Students Juice Nepal Villages and AEC Careers
Two years after graduating from Hartford Public High School’s Academy of Engineering and Green Technology in 2011, Danilo Sena returned to participate in a new program that has students building hybrid wind and solar generators for Nepalese villages in the Himalayan Mountains. The program recently built its fourth generator for the remote village of Tinje, while Sena was inspired to earn a civil engineering degree and start a career in construction.
One of the only college students working on the Nepal 1.0 generator, Sena helped write instructions that villagers could understand and double-checked the high school students’ work.
The Brazilian immigrant performs similar tasks in his current job as a construction inspector for AI Engineers Inc., which he joined in 2015 after earning his degree from the University of Connecticut. He currently inspects rebar and formwork, tests concrete and inspects drainage systems on a 376,000-sq-ft bus-maintenance facility in Waterbury, Conn.
Edward Widofsky, a senior associate at Steffian Bradley Architects, sits on the Academy of Engineering and Green Technology’s board. He says the Nepal project replicates a professional environment. “There’s a client, there’s a site,” he says. “You have to know the community [the project] is serving and you have to figure out how it can be taken apart and shipped halfway around the world.” With villages inaccessible by car or railroad, generators had to be carried via yak for locals to assemble.
The program started after Connecticut philanthropist Peter Werth learned about the need for electricity on a Nepal hiking trip. He launched the project with support from the Connecticut Pre-Engineering Program and Connecticut Business and Industry Association (ENR 12/16/13, p. 14). The project is also supported by NAF, a national network of education, business, and community leaders working to prepare high school students from “high need communities” for college and beyond. Nepal 1.0 was funded with approximately $100,000 to cover equipment and student subsidies. Heating classrooms and powering laptops, the first generator electrified a village called Saldang for the first time.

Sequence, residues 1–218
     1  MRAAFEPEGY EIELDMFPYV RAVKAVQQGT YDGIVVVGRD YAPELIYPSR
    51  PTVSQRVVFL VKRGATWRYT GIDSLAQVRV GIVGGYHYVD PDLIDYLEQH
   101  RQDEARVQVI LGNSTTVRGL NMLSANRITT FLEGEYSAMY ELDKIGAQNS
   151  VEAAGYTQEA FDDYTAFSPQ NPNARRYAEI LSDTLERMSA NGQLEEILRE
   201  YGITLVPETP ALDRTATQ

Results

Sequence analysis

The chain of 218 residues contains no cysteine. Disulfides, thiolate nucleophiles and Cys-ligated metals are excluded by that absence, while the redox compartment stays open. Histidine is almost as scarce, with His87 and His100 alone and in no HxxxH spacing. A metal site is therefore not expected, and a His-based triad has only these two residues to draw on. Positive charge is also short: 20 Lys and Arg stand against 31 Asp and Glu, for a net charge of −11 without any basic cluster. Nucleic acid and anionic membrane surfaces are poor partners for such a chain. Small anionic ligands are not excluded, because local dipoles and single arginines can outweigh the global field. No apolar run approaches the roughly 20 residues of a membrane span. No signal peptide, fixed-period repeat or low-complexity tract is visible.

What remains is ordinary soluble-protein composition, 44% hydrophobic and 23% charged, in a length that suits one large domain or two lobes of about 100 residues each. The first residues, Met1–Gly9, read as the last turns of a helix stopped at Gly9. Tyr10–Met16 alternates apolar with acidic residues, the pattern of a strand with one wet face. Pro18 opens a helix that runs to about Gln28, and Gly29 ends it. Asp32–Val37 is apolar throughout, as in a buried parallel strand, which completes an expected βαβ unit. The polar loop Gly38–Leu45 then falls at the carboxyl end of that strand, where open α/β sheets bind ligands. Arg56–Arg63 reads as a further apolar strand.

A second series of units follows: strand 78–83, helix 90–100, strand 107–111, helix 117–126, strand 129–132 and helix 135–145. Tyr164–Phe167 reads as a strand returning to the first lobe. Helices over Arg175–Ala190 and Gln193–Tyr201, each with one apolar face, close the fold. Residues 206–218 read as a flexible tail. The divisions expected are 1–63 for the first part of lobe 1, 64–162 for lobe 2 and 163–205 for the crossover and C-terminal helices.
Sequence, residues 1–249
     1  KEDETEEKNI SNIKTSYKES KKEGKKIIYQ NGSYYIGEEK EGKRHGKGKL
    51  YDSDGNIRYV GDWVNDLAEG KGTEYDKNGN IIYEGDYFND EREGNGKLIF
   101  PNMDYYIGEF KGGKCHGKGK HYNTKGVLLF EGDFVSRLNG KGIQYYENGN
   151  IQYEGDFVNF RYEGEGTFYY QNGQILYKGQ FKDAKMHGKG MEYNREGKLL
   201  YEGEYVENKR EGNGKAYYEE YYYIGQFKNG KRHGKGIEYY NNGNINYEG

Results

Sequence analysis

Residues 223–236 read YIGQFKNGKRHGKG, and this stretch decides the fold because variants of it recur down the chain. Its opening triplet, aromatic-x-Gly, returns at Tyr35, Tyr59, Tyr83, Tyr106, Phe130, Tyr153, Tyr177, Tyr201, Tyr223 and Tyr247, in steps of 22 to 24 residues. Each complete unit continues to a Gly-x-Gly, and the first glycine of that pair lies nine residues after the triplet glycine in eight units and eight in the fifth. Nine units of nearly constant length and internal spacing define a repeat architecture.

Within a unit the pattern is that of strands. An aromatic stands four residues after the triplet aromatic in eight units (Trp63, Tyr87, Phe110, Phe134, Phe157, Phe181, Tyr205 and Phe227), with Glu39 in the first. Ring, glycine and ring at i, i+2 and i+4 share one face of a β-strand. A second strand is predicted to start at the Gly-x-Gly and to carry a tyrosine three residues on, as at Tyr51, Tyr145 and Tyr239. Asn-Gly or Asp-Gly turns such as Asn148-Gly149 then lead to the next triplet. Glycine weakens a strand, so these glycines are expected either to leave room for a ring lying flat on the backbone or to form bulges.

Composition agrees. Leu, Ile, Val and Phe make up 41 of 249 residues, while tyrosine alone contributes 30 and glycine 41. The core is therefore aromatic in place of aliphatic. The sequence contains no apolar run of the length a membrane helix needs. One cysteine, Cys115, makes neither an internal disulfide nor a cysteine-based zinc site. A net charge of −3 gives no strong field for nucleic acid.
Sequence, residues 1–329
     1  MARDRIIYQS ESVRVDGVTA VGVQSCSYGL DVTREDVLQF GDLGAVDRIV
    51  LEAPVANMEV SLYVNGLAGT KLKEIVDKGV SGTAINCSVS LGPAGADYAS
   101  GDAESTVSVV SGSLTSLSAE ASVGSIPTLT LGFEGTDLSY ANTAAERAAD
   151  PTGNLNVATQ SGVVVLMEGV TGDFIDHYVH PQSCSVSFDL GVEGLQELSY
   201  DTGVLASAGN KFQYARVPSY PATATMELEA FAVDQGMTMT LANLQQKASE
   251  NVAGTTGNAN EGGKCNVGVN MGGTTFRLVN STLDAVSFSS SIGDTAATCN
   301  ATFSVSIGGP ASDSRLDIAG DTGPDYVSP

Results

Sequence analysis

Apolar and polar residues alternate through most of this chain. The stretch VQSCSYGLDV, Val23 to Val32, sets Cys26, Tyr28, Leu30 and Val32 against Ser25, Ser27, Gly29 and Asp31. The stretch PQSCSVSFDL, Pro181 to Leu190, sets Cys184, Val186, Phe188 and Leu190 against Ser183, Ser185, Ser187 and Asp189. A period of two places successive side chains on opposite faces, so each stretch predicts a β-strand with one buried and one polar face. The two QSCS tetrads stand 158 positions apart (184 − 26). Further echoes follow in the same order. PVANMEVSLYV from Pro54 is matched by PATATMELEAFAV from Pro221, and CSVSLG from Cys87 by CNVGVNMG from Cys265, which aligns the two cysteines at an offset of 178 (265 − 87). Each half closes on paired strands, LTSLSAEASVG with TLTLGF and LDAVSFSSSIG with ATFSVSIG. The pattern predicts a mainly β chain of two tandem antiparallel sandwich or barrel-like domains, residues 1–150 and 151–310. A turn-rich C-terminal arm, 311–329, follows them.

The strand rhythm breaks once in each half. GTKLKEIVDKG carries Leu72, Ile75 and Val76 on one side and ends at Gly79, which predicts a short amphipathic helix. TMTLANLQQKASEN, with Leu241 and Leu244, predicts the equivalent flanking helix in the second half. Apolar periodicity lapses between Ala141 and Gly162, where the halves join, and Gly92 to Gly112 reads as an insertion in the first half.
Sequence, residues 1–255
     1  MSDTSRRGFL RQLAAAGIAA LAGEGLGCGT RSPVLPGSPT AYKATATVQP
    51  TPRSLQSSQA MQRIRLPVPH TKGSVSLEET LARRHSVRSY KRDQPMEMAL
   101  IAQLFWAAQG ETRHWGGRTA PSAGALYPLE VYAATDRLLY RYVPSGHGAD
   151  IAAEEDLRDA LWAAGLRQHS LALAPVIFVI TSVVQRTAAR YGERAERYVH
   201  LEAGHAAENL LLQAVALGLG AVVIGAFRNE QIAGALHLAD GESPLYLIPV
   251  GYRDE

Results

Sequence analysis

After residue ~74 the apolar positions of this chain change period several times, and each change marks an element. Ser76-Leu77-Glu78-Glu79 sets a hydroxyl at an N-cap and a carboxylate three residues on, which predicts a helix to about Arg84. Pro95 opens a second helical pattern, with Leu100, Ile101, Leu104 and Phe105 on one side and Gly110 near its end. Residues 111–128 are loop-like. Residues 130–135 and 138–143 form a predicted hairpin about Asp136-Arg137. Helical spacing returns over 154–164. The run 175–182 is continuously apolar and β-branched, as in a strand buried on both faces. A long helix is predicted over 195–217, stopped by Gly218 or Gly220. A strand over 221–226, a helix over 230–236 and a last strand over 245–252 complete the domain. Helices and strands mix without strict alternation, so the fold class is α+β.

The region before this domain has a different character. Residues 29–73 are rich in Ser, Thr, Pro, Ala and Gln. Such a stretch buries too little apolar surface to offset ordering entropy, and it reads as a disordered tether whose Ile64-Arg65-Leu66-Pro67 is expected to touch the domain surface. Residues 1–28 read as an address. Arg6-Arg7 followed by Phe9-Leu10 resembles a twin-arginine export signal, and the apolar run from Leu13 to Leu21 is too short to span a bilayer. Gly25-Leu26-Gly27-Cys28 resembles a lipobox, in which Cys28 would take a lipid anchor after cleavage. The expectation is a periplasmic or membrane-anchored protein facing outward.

Nepal 2.0 in 2015 involved about 20 students who built two generators, the year a magnitude 7.8 earthquake rocked the tiny nation. David Mangus, the science and engineering teacher who runs the Nepal project, says a government crackdown on corruption after the quake made it harder to ship the generators. “Now we have more hoops to jump through to convince folks that the power system is indeed a form of aid to the schools,” he says.
While the budget for the current Nepal 3.0 generator was only about $35,000, which allowed only 10 students to participate, he says builders of the next version will need to raise $30,000 to $40,000 by this fall to complete two new generators that will power a school and a medical clinic. Mangus says the government will give the clinic vaccines if a more robust generator can power a refrigerator.
That doesn’t daunt the Connecticut students, who are accustomed to achieving lofty goals. Mangus says 15% of the high school’s graduates take up engineering, three times the national average, despite the fact that many of its students have special education needs or are English-language learners. “Because of that background, people think … they are not willing to do [the work],” says Sena, who is the first member of his family to graduate from college. “If somebody does present the opportunity, everybody will show up, everybody will work.”
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